This document, once filled out and filed, officially forms your business in the state of Vermont. You’ll need to provide some important information, including your contact information, your business address, signatures for your LLC’s members, and more. Vermont has a $125 filing fee.

Setting up the LLC is as easy as 1-2-3; it’s the maintenance requirements that are a bit more complicated:

Register for and pay taxes

If you have employees, you’ll need to get an Employer Identification Number from the IRS. Then there are state-specific taxes, too. Vermont has two primary tax types for businesses: income taxes and business entity taxes. Income taxes currently fall between 3.35% and 8.75% for individuals and between 6% and 8.5% for corporations. Then there’s the business entity tax, which has a $250 minimum. Businesses involved in retail sales will also need to account for the sales tax (6%). For more information about these and other miscellaneous business taxes, check out the Vermont Department of Taxes.

Get licenses and permits

There’s no general state business license in Vermont, but that doesn’t mean you won’t need to get professional licenses, such as those maintained by the Vermont Office of Professional Regulation.

Create an operating agreement

Even single-member LLCs should create a “master document” that sets out how the business will operate, both now and in the future.

File your annual report

Each year, your LLC will need to file an annual report to update the state about the standing of your business. Every LLC has a different due date (it’s based on the end of your business’s fiscal year), but everyone needs to pay the same $35 filing fee.

Obtain business insurance

Every business with employees needs to maintain workers’ compensation insurance and a commercial vehicle policy for company-owned vehicles. You may also want to get a general business liability policy, too.

Get a business bank account

You should sign up for a business bank account so you can write checks and make purchases in the name of the business instead of pulling from your personal accounts (a legal no-no).

This is just the tip of the iceberg, though. For more detailed guidance, we recommend contacting an attorney or checking out the full Vermont LLC Formation Guide.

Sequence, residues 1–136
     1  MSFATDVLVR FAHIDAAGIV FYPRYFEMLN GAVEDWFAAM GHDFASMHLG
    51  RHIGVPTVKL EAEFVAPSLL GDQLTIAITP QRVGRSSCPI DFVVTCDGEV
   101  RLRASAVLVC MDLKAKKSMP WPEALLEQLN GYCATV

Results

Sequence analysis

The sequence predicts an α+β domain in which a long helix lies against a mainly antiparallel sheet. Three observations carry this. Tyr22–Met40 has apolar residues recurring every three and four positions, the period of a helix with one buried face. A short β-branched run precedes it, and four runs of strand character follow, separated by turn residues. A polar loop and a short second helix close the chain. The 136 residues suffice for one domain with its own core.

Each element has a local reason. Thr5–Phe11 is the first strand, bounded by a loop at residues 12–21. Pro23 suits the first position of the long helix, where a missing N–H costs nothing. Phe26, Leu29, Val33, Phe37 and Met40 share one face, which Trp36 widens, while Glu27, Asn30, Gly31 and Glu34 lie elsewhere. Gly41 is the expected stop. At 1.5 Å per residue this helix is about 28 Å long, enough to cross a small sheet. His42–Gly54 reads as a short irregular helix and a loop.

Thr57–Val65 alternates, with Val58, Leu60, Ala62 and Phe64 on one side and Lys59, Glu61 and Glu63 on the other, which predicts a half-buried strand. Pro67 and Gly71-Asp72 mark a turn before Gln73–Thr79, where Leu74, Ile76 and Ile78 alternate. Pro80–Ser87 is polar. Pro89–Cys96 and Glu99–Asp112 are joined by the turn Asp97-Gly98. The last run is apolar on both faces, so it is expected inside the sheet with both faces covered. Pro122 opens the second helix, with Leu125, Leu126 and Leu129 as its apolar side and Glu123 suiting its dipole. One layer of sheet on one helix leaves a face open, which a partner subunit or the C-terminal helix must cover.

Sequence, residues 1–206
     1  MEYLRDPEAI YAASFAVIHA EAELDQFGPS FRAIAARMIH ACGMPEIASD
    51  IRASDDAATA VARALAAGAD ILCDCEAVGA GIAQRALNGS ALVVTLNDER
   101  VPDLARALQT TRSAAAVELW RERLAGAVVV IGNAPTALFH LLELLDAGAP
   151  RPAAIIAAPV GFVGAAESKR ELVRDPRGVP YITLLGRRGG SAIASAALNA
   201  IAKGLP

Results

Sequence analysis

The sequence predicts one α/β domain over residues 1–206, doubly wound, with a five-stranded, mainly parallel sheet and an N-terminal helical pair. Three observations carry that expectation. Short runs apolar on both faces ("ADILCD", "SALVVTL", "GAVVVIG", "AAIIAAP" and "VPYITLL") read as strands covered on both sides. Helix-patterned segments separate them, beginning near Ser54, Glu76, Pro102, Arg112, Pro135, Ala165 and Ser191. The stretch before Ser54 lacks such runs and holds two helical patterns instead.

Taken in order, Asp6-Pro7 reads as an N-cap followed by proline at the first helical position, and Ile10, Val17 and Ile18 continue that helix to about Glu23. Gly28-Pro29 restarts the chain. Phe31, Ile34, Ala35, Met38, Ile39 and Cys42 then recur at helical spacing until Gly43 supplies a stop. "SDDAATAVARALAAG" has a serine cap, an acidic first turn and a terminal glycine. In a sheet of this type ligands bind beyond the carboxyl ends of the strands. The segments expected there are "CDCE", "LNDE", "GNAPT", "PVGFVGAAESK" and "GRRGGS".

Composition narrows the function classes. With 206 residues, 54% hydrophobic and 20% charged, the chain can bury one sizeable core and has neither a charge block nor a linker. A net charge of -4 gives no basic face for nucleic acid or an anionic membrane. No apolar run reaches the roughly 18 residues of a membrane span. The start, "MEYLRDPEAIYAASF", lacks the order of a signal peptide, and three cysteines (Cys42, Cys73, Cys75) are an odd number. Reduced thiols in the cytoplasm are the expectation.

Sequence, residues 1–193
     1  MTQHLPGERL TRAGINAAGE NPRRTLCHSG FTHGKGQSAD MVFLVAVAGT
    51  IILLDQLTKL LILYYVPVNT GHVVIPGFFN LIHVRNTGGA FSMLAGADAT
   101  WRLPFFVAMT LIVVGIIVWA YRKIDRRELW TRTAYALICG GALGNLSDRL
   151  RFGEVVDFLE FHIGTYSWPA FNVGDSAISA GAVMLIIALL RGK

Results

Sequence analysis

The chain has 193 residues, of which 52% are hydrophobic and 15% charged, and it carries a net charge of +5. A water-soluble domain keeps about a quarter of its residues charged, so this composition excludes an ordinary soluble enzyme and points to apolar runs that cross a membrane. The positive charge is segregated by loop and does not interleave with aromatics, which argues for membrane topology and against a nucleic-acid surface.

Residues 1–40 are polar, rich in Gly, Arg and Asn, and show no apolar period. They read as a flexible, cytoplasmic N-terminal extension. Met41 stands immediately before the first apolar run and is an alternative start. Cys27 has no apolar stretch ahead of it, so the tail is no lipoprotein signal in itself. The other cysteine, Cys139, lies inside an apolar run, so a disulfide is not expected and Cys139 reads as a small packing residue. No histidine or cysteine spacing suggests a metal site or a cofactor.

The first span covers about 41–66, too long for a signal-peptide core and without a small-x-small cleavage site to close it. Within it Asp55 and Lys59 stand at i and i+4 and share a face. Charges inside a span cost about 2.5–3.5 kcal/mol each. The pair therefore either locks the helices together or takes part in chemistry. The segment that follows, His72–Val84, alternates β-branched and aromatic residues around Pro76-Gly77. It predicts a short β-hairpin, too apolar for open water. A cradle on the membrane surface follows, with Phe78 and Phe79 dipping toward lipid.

FAQ's

  • We invite you to take a look at our comprehensive guide to forming a limited liability company in Vermont. This article walks you through the LLC formation process in this state step by step, ensuring that you don’t miss any crucial elements.

  • One of the most important steps in forming a Vermont LLC is choosing a business name. Once you come up with ideas for your name, you should search through the Secretary of State’s business search to make sure your desired name is available. For more information on conducting a business name search in Vermont, check out our full article on the topic.

  • You can fill out or download the Articles of Organization on the Secretary of State’s website.

  • In Vermont, an LLC’s ongoing maintenance requirements include the annual report. This filing is due each year within three months of your fiscal year’s end, and it costs $35 to file.

  • Chances are, you’ll require at least one license or permit to operate your LLC in compliance with Vermont state law. For more information about business licenses and more in this state, check out the Department of Taxes for business tax licensing and the Office of Professional Regulation for professional licensing.

  • The Secretary of State should be able to process your LLC’s online formation within one business day. If you choose to file on a paper form, you can expect to wait 7-10 business days while the state processes your filing.

  • If you want more details about what these companies can offer in this state, or you’d like to take a look at some other options, check out our complete guide to Vermont registered agents.

  • Unfortunately, not all businesses last forever. If the time comes when you need to close your LLC’s doors, you’ll need to do so in a manner consistent with the state’s regulations. That’s why we wrote our guide to Vermont LLC dissolutions, so you can complete the process in a compliant manner.

  • If your LLC already exists in another state, you don’t actually need to “form” it in Vermont. Instead, you’ll need to foreign qualify the business in this state. This process is somewhat similar to LLC formation, but there are some crucial differences as well. Take a look at our guide to foreign qualifications in Vermont for more information.

Disclaimer: The content on this page is for information purposes only and does not constitute legal, tax, or accounting advice. If you have specific questions about any of these topics, seek the counsel of a licensed professional.